Which English do you want to speak? There isn't one, but several Englishes that people all over the world use to communicate. American English certainly dominates, being the language of Hollywood, computing and aviation. Some would even go as far as calling their language "American", and why not? It has several important differences with my English, British. But for a foreign learner to say that they speak English and American is exaggerating somewhat. The biggest differences between British and American English are vocabulary items, just like there are regional differences in any language.
A French speaker is likely to get confused when there is the added problem of "false friends".
A good example is the British word "chips". Here in the UK, chips are fried potatoes, generally cut a little thicker than their American equivalents, "French Fries", which are not French at all, but Belgian. However, in France we use the word "chips" for thin slices of fried potato that come in a packet and are eaten as apetisers or aperitif.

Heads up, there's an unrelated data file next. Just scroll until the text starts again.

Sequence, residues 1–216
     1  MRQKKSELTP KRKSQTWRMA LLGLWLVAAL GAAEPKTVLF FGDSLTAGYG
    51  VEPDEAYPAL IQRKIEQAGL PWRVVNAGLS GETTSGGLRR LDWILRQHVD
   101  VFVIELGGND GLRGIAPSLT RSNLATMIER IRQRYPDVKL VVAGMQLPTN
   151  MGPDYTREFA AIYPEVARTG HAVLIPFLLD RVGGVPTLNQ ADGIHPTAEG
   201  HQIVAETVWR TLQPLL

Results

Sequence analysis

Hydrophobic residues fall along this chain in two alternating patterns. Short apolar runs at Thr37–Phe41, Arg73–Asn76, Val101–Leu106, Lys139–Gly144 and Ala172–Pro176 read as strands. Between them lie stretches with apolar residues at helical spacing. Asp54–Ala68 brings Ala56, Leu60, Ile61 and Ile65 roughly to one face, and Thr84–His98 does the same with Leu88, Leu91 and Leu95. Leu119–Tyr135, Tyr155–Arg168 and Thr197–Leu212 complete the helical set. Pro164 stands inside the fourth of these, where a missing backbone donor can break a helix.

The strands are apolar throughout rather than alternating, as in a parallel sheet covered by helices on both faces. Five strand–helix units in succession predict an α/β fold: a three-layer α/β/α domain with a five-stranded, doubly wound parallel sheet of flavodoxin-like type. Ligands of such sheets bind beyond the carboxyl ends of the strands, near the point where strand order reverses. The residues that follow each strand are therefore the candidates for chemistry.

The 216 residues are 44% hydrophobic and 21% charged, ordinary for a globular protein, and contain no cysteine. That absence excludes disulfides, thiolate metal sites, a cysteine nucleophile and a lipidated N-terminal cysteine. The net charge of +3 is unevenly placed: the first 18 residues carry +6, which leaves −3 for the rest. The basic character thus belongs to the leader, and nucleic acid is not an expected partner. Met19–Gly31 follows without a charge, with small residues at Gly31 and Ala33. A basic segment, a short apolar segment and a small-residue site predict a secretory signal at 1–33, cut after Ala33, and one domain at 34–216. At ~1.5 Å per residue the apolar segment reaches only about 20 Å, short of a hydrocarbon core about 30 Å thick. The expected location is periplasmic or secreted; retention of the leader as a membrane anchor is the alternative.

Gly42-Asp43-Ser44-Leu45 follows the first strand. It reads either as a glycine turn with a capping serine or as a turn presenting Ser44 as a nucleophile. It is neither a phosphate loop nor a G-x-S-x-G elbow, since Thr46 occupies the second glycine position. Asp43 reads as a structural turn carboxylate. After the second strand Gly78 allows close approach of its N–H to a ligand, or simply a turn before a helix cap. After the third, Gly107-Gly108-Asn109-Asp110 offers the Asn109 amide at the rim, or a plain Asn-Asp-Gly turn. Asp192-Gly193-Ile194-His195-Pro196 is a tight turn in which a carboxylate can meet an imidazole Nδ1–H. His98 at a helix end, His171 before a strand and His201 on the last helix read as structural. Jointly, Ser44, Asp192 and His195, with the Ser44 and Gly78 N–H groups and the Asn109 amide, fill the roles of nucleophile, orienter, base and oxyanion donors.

A French teenager may be very proud of his new "baskets"! I would use a basket to bring home my vegetables from the market (panier). The French word has come from the sport basketball, while the British say "trainers" (shoes for training) while the Americans say "sneakers" (not to be confused with "Snickers", the chocolate bar). "To sneak" means to walk about silently, as if you were somewhere you shouldn't be.
As for grammar, the good news is that Americans use less and less the dreaded present perfect - so you have one less thing to worry about. Words like "just" "ever" and "already" can be used with the past simple, whereas in English it's the present perfect.
British: have you already seen this film?
American: did you already see this film?
The British generally have no problem with American English as they are used to watching American films (or movies if you prefer). The Yanks, on the other hand may have a few difficulties understanding a Briton, especially if he uses slang words.